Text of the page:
Alaska Gov. Sarah Palin talks to the media in her office in November 2008 in Anchorage. The former Republican vice presidential nominee is going on the offensive against news organizations as well as bloggers she says are perpetuating malicious gossip about her and her children.
ANCHORAGE, Alaska – Alaska Gov. Sarah Palin is going on the offensive against news organizations and bloggers she says are perpetuating malicious gossip about her and her children.
But political observers say the former Republican vice presidential candidate can’t have it both ways: trotting out the children to showcase her family values, then trying to shield them from scrutiny.
Palin’s criticism also raises questions about her motivations because she has said she is open to a presidential run in 2012.
“I think she’s positioning herself. She’s attacking the media as a way to generate support among a base she hopes will support her,” said Leonard Steinhorn, a professor of communications at American University in Washington and an expert on the presidency.
Palin shied away from interviews during the campaign, although her children often accompanied her on her travels, including her oldest daughter, Bristol, who was pregnant at the time.
But in recent weeks, she has personally reached out to media outlets such as People magazine and The Associated Press to complain about information she claimed is wrong.
She slammed reports that 18-year-old Bristol Palin and the teen’s fiance are high school dropouts. The governor insists the two are not dropouts because they enrolled in correspondence courses.
The couple last month had a son — the governor’s first grandchild.
The governor said she is speaking out to set the record straight, not because of any political aspirations.
“It’s all about the family,” she said. “I’m wired in a way that I can take the criticism. I can take the shots. But any mother would want to protect their children from lies and scandalous reporting.”
In a Jan. 5 interview with conservative filmmaker John Ziegler, Palin also questioned whether Caroline Kennedy’s quest for a New York Senate seat was as heavily scrutinized as her vice presidential campaign.
When her comments were reported, she chastised journalists for taking her remarks “out of context to create adversarial situations.”
Steinhorn and other experts believe the first-term governor is engaged in a campaign to keep her name in the spotlight. A newcomer to national politics when she was nominated, Palin energized the Republican base but also attracted intense criticism that she had little substance.
“I think she’s exploiting and cultivating the anti-intellectual and anti-elitist side of the Republican party,” Steinhorn said. “She’s trying to salvage her reputation, so she attacks the messenger.”
Palin’s grievances include what she calls “false stories” such as a talk show host’s suggestion that she helped Levi Johnston get a job in Alaska’s North Slope oil fields, circumventing eligibility rules since he does not have a high school diploma.
Johnston’s father, an engineer for an oil-field services company, has said his position accounted for any help Levi received in getting the apprenticeship job.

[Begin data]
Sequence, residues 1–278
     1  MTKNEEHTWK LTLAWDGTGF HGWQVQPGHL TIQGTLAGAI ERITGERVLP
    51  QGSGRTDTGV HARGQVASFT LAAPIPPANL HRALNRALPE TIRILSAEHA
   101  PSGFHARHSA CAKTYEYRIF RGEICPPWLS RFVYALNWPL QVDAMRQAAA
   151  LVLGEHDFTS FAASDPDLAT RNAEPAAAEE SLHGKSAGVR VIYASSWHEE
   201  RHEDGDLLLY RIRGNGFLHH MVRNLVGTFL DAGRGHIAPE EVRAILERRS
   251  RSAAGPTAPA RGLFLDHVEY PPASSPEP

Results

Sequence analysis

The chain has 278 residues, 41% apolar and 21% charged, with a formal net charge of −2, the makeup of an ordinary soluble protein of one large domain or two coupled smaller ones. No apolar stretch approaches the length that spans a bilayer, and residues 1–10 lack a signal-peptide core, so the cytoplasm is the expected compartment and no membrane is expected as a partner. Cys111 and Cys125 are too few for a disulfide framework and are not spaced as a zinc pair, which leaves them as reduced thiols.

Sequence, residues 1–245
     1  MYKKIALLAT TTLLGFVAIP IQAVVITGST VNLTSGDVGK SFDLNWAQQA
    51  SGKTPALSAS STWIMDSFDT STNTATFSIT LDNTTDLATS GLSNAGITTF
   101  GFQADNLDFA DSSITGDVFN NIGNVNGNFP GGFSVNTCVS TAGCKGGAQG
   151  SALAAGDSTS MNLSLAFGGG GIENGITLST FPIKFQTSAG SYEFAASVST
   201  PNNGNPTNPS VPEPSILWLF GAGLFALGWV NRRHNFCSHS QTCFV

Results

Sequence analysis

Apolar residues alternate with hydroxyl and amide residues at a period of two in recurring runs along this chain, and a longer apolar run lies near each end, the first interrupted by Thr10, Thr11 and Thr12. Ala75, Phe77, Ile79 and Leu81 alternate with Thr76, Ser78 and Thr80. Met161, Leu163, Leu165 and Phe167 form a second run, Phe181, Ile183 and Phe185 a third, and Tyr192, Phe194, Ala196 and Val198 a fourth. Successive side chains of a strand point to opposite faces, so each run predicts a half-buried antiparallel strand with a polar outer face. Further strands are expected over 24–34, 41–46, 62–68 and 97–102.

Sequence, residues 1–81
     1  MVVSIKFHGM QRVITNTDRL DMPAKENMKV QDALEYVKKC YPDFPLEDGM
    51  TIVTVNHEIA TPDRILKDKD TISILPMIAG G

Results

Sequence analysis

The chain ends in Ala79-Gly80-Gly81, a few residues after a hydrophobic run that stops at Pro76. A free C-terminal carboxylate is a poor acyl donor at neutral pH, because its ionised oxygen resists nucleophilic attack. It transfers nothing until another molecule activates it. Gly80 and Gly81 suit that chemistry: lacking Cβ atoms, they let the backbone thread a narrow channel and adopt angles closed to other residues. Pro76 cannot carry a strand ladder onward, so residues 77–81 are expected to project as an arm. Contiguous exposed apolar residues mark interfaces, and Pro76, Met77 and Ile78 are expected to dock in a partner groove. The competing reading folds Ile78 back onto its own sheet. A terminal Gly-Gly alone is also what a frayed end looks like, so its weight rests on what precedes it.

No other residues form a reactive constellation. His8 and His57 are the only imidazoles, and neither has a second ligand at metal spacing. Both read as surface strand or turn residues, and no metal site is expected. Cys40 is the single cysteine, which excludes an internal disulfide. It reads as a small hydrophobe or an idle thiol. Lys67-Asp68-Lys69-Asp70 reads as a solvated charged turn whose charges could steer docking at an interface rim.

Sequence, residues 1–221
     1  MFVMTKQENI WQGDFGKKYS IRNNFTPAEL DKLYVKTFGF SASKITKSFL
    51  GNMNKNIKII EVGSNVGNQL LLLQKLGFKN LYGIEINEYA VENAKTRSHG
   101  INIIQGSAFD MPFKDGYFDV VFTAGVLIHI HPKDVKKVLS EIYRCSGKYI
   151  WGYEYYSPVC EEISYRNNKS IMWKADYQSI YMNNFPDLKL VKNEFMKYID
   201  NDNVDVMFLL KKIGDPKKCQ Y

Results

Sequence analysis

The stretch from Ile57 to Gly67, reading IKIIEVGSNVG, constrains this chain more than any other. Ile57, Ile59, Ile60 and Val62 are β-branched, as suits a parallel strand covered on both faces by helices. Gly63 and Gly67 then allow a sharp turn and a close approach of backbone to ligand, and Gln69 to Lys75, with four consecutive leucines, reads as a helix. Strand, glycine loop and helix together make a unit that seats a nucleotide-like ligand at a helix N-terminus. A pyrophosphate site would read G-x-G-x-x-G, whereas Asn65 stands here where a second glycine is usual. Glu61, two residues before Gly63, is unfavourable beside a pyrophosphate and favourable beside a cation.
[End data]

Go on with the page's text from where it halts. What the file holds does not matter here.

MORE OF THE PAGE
Palin also lashed out at bloggers and others perpetuating the allegation that her 9-month-old son, Trig, is actually Bristol Palin’s child from a secret previous pregnancy.
Her decision to strike back at news organizations seems to contradict the governor’s earlier statements on how politicians should respond to media coverage.
Months before she was named John McCain’s running mate, Palin attended a leadership forum in Los Angeles and was asked her opinion on then-Sen. Hillary Clinton’s allegations that she was being unfairly treated by the media during the primaries.
Palin said Clinton did herself a disservice to even mention it. The governor said it bothered her to hear Clinton “bring that attention to herself on that level.”
Palin said her opinion has not changed since the March 2008 event and insisted that defending her children is her only motivation.
“I’m not whining about the treatment of the press, but I am calling reporters on the family aspect of this,” she said. “I think it’s unprecedented in some respects what I have seen with my children.”
It’s not unprecedented. The children and spouses of high-profile politicians always draw attention.
Early in President George Bush’s first term, his twin daughters, Jenna and Barbara, made headlines after an embarrassing run-in with the law for underage drinking.
So did Kitty Dukakis, the wife of former Massachusetts Gov. Michael Dukakis, when she was treated for alcoholism after her husband’s unsuccessful presidential campaign in 1988. She later suffered a relapse and was hospitalized after drinking rubbing alcohol.
Two weeks before President Obama’s inauguration, his daughters Sasha and Malia were escorted to their new schools past a line of waiting photographers.
Palin is fueling the stories she condemns by talking about them instead of ignoring them, said Janis Edwards, an associate professor of communication studies at the University of Alabama and an expert on women candidates. One of Edwards’ classes monitored Palin’s role in a project called “The Palin Watch.”
Palin “does seem to have ambitions, and this is one way of staying in the public eye,” Edwards said.
The governor’s complaints about the media assure continued coverage, said Lisa Burns, associate professor of media studies at Quinnipiac University in Hamden, Conn.
“The media interest will wane. I think it already has,” Burns said. “I have to wonder if this is something she’s doing to keep her name out there.”